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Colin F. Taylor, Ph. D.


Hoka hey!

Scalps to Coups: The Impact of the Horse on Plains Indian Warfare


How the impact of the horse influenced the lifestyle of the Plains Indians, is well documented. Much less has been published on the change of intertribal warfare after the coming of the horse. Warfare was a decisive cultural element of the Plains peoples. The transition from a pedestrian to an equestrian society resulted in a dramatic turn of warfare tactics as well as in the ethos and status of the warrior.


During the “dog days”, women and children were seldom slain when enemy villages were attacked. In fact, they were coveted “spoils of war”. With the introduction of the horse, raiders were not adverse to killing women, being more interested in procuring the enemies’ horses. The role of women changed so drastically that they sometimes went on the warpath themselves and some even became leaders of war-parties. Furthermore, the significance of war trophies, which enhanced the rank of the warrior, changed markedly.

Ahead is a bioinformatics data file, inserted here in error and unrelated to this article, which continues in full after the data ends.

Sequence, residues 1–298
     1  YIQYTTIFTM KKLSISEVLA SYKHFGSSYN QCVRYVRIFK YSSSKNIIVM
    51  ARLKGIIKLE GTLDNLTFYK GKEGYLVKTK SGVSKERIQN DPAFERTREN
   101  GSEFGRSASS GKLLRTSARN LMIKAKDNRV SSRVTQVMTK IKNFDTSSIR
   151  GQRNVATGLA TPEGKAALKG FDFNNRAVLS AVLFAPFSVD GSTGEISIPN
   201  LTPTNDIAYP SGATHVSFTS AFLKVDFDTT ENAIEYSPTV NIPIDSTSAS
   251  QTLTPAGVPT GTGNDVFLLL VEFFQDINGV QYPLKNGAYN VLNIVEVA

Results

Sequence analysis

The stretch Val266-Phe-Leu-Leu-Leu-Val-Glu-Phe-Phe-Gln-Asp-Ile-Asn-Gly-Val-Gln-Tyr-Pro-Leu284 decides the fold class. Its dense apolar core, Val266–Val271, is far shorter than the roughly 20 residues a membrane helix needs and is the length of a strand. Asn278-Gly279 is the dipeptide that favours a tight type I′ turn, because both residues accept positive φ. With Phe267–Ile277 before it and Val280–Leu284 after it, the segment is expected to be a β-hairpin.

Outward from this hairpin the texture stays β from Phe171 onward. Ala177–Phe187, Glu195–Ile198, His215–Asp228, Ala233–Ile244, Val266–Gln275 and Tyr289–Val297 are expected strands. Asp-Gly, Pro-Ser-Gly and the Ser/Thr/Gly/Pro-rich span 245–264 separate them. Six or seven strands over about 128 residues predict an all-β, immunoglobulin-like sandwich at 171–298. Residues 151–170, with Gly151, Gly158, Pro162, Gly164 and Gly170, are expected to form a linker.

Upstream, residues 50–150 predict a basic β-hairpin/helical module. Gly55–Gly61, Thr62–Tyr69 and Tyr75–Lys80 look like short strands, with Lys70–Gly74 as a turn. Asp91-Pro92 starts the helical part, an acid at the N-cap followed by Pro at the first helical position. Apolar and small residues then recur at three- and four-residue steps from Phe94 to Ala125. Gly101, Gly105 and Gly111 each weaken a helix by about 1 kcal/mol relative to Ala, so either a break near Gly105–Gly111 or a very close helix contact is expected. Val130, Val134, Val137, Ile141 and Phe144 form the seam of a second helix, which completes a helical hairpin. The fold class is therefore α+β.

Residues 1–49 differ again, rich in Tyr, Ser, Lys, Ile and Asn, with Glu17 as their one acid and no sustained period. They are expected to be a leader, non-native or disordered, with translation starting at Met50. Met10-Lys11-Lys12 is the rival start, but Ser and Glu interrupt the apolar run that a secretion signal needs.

In this volume, Colin Taylor examines perhaps the most dramatic and thrilling chapter in the history of the equestrian culture on the Plains.


Beginning with the “dog days”, he concludes with the outlining of Indian warrior exploits in World War II.


Recently out of print. We are preparing a new edition. Please, place your pre-order for this volume.


83 pages, large format, 80 figs, c. 20 in color, several published for the first time! Hardbound. Bilingual edition (Englisch-German)


ISBN 3-89510-075-7

28.00 US-$